Sunday, June 17, 2012

East of Clarendon, my family came across the original starting place of the survey for the Louisiana Purchase. Originally purchased from France in 1803, the surveying of the land began in 1815 at this spot in Arkansas. Unfortunately for the surveyors, it was in the middle of a swamp. Because of our crisscrossing segments with the car, we were able to drive the two miles off our course to see the monument.

When Cathleen and I drove to the same place, the water level was two feet lower than it had been 25 years ago. We learned from a friendly Arkansan that Arkansas was suffering from a bad drought, despite all the swamps in this area. We stopped our car and walked about 1/4 mile on a special boardwalk to the spot of the original marker. I saw strange bubbles emerging from the murky water surrounding us and witnessed the gurgling of swamp creatures. A strange and colorful lizard ran across the path in front of me, and I quickly scanned the boardwalk for any snakes that might have left the swamp for a dry place to rest.

We paused to take some photographs and then drove onward towards Helena, Arkansas on the banks of the mighty Mississippi River. The same giant steel bridge was still spanning the river dividing Arkansas and Mississippi. Across the river, there had been nothing but open farmland and trees back in 1987. Today there stands a mega Indian Casino on the Mississippi side of the river.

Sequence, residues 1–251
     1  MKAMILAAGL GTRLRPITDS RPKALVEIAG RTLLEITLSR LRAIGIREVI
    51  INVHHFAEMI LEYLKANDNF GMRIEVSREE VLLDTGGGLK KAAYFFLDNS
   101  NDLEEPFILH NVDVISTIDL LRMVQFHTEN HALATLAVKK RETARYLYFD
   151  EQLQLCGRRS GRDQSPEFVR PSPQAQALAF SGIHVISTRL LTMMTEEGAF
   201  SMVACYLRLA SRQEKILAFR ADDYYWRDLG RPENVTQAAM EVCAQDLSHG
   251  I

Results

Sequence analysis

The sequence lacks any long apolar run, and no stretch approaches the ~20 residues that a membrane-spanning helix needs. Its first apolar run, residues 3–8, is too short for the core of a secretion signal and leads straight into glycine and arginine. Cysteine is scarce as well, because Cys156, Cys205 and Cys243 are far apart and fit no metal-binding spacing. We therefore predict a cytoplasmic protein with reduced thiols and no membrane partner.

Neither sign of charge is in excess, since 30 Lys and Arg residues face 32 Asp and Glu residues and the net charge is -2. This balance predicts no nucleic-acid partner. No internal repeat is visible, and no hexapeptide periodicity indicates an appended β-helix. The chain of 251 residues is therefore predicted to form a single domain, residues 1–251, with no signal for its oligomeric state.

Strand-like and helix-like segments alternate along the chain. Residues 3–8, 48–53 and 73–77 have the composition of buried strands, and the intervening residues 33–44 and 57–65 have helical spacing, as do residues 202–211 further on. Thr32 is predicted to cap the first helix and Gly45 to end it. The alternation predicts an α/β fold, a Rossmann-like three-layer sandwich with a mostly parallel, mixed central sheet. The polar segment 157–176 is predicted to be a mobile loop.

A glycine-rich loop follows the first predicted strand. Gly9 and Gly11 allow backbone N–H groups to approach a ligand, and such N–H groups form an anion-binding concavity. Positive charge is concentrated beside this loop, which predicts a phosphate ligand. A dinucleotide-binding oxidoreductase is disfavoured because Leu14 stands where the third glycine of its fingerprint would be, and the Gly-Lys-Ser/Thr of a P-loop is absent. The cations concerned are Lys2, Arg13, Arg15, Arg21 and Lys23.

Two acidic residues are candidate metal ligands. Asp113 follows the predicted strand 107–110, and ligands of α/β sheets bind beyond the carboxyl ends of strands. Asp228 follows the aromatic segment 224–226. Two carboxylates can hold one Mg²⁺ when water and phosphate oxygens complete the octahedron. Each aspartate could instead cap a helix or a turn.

I remember being so excited to be walking across that river so many years ago. It represented a psychological milestone, and I knew that we were only a couple of states away from the Atlantic! Our walk through Mississippi was shorter than the other states because we were purposely skirting around the city of Memphis, TN. We had avoided big cities whenever possible for safety reasons.

Cathleen and I stopped at a Mississippi Welcome Center that had not been there when my family walked. The people inside were friendly, and it felt nice to be in an air conditioned room. Within the Welcome Center, many items, articles, and pictures showcased the proud elements of history and points of interest.

A few miles down the road, we began to see living history that told a less optimistic tale of continued racial divides and the evidence of widespread poverty.

Louisiana Purchase Survey Marker present time. Previous water level evident

Original 1987 photo 
Crossing the Mississippi River on March 25, 1987
Mississippi River bridge today

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